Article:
Commercialism is our tradition. Hapū and whānau have always been entrepreneurial traders. From the pounamu trails, our international trading of flax and crops and the flour mills we owned in the 1850’s, through to our current commercial pursuits, it is no secret that hapū and Iwi were the economy. Once the powerhouse of the early settler state, our subsequent economic strength has been whittled away.
However history is again turning and through successful whānau entrepreneurs, SME owners, Māori land trusts and Iwi gaining significant capital injections, the Iwi Māori economy is increasingly assuming a place of strength and influence in the New Zealand economy.
21st century commercialism is important. Iwi Māori commercialism seeks to balance:
- generating revenue to fund tribal programmes that contribute to the kaupapa,
- reasserting our place in our ancestral landscapes,
- living our values, vision and priorities.
Keep the Financial Engine on the Kaupapa
Models for Contributing to the Kaupapa
- Simple Financial Contribution
- Financial Contribution and Identified ‘No-Go’ Areas for Investment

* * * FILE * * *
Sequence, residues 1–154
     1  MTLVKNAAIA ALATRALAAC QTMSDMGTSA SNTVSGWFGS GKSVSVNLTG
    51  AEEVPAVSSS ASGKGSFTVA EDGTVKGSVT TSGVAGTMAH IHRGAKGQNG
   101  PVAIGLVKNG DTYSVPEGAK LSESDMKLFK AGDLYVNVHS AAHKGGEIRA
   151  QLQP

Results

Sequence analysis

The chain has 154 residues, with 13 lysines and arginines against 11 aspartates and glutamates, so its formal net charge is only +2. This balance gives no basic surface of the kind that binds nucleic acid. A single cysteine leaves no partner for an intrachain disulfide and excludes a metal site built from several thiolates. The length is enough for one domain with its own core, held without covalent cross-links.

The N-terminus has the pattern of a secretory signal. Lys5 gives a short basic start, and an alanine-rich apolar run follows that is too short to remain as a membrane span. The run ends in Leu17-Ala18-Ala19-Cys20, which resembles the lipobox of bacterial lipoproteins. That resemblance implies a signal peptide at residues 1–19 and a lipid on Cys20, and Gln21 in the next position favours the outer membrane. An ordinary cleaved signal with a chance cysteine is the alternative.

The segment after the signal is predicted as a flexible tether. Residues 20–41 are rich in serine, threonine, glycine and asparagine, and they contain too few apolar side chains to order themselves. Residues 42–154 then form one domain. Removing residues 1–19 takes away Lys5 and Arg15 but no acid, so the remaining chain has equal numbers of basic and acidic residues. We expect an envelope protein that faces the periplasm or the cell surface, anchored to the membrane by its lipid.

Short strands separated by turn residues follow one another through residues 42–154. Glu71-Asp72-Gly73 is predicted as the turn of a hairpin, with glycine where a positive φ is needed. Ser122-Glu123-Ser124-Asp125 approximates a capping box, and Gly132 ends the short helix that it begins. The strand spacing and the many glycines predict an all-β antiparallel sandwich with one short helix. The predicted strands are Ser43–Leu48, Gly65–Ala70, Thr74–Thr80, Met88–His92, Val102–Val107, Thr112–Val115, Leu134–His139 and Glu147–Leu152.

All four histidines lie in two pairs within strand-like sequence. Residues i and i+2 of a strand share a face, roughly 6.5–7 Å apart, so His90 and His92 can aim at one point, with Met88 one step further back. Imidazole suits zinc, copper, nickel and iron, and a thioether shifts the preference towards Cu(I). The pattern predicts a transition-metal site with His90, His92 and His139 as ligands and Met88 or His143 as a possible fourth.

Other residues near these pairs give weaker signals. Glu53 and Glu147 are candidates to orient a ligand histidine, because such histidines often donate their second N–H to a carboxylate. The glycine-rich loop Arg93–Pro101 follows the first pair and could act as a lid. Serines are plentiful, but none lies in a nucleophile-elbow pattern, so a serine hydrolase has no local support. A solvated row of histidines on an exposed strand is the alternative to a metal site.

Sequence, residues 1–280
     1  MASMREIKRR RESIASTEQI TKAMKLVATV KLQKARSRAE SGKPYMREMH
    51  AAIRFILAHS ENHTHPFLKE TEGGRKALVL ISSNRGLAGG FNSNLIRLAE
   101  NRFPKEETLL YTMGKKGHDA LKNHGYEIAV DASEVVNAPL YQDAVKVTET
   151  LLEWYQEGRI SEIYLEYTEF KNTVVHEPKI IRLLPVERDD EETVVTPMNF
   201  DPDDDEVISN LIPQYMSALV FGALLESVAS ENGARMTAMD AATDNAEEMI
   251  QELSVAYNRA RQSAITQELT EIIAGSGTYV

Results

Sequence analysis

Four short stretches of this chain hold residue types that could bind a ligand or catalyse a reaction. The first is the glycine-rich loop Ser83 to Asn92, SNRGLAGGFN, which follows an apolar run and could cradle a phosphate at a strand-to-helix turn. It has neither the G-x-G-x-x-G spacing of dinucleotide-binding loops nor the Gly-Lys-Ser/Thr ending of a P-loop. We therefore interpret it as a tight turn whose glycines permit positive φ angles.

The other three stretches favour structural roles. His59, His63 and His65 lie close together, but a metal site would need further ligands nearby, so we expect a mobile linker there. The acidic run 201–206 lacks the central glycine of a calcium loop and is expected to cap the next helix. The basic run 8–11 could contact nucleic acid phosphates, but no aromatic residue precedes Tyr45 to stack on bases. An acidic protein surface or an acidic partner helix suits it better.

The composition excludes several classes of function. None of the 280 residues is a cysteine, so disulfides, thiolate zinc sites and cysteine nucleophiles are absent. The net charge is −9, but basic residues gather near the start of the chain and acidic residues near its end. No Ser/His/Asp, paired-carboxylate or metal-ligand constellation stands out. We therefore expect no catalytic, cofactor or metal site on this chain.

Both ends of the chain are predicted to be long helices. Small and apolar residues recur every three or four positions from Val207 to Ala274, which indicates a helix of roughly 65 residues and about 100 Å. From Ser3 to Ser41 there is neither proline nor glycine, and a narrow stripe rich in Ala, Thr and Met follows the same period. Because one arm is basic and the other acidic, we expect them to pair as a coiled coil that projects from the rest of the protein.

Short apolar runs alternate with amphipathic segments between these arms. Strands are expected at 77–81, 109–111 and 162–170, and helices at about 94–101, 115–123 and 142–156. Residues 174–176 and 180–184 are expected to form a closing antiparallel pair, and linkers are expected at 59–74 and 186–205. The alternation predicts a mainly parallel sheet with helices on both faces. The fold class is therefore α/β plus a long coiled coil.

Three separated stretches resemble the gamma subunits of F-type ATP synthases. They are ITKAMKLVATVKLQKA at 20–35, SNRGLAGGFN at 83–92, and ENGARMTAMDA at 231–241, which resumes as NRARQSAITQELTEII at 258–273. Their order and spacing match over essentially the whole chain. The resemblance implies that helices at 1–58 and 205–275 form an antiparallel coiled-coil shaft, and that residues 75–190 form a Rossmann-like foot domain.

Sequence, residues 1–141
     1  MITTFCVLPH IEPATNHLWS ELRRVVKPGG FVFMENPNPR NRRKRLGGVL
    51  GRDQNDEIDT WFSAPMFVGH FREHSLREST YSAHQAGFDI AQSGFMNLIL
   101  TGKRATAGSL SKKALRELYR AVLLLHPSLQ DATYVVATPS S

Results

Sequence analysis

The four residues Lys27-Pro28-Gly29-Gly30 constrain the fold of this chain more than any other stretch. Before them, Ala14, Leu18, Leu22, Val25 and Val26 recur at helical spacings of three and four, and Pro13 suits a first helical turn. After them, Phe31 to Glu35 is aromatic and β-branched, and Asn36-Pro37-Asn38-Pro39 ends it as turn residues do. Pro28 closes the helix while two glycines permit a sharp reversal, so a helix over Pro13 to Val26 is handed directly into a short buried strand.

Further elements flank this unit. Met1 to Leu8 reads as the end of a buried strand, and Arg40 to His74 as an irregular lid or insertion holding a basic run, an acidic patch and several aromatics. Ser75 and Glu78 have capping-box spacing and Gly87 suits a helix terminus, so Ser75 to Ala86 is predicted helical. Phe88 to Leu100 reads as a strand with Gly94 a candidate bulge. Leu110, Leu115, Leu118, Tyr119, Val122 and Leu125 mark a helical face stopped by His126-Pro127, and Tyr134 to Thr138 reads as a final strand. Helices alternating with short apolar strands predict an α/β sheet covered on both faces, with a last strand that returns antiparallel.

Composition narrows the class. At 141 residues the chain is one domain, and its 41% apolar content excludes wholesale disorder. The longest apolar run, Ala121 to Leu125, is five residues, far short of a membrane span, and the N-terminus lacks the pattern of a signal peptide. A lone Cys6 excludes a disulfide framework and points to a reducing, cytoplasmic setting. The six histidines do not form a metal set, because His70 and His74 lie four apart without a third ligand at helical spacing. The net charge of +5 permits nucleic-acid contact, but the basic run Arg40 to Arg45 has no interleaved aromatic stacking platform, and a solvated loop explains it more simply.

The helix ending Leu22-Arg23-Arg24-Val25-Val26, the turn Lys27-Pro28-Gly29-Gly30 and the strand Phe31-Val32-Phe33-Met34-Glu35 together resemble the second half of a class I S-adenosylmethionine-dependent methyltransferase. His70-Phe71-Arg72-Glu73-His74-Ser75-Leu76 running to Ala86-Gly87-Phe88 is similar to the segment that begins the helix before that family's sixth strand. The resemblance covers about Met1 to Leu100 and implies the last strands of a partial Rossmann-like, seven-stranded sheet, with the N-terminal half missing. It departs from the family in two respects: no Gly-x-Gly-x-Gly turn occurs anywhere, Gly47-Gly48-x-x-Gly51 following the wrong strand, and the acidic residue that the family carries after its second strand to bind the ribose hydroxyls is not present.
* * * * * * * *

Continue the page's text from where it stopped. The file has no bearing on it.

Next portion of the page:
- Financial Contribution, Identified ‘No-Go’ Areas for Investment and Positive Contributions to Kaupapa
- Financial Contribution and Positive Contributions to Kaupapa Values and Priorities
Kaupapa principles and policies that can help include;
Screening out investment that is inconsistent with kaupapa values, visions and priorities.
Kaupapa Outcome Targets (Goals)
Tools to help organisations develop specific targets according to their traditions, values and vision.
- Indexes and Accreditation Frameworks
- Asset Allocation Framework
- Feasibility Studies and Business Plans
- Planning Processes
- Impact Reporting
Multipliers Within Tribal and Māori Economies
The local multiplier tool measures how much monetary benefit is circulated and recycled within a community. Using a multiplier assessment can help identify how much they are contributing to local economic growth.
Multiple Bottom Line Evaluation
The ‘triple/quadruple bottom line’ applied to a kaupapa Māori framework.
Trade Off Modelling
Reconcile competing values and priorities between kaupapa values and profit.